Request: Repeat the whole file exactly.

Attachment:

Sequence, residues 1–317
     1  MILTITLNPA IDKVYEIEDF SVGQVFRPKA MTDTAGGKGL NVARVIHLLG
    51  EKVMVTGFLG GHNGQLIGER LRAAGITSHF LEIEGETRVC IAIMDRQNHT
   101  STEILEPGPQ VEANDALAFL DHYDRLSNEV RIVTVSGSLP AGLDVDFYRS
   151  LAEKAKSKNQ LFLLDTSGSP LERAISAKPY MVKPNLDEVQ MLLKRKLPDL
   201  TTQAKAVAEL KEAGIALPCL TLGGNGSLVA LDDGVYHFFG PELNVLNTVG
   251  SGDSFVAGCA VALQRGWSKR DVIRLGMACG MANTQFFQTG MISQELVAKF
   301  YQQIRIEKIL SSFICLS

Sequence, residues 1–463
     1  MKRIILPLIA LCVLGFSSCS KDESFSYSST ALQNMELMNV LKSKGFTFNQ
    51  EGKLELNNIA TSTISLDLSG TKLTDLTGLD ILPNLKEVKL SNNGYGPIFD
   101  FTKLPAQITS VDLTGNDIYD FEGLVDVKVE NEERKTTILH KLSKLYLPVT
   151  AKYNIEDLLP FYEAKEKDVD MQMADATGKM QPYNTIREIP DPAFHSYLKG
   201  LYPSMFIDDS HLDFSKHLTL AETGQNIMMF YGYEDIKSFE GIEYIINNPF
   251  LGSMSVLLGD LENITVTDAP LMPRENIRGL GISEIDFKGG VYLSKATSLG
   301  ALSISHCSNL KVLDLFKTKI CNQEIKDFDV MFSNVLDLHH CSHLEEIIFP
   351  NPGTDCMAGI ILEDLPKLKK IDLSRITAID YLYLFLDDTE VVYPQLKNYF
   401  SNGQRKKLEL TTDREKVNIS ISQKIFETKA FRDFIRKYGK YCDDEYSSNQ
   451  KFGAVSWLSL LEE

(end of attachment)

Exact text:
Sequence, residues 1–317
     1  MILTITLNPA IDKVYEIEDF SVGQVFRPKA MTDTAGGKGL NVARVIHLLG
    51  EKVMVTGFLG GHNGQLIGER LRAAGITSHF LEIEGETRVC IAIMDRQNHT
   101  STEILEPGPQ VEANDALAFL DHYDRLSNEV RIVTVSGSLP AGLDVDFYRS
   151  LAEKAKSKNQ LFLLDTSGSP LERAISAKPY MVKPNLDEVQ MLLKRKLPDL
   201  TTQAKAVAEL KEAGIALPCL TLGGNGSLVA LDDGVYHFFG PELNVLNTVG
   251  SGDSFVAGCA VALQRGWSKR DVIRLGMACG MANTQFFQTG MISQELVAKF
   301  YQQIRIEKIL SSFICLS

Sequence, residues 1–463
     1  MKRIILPLIA LCVLGFSSCS KDESFSYSST ALQNMELMNV LKSKGFTFNQ
    51  EGKLELNNIA TSTISLDLSG TKLTDLTGLD ILPNLKEVKL SNNGYGPIFD
   101  FTKLPAQITS VDLTGNDIYD FEGLVDVKVE NEERKTTILH KLSKLYLPVT
   151  AKYNIEDLLP FYEAKEKDVD MQMADATGKM QPYNTIREIP DPAFHSYLKG
   201  LYPSMFIDDS HLDFSKHLTL AETGQNIMMF YGYEDIKSFE GIEYIINNPF
   251  LGSMSVLLGD LENITVTDAP LMPRENIRGL GISEIDFKGG VYLSKATSLG
   301  ALSISHCSNL KVLDLFKTKI CNQEIKDFDV MFSNVLDLHH CSHLEEIIFP
   351  NPGTDCMAGI ILEDLPKLKK IDLSRITAID YLYLFLDDTE VVYPQLKNYF
   401  SNGQRKKLEL TTDREKVNIS ISQKIFETKA FRDFIRKYGK YCDDEYSSNQ
   451  KFGAVSWLSL LEE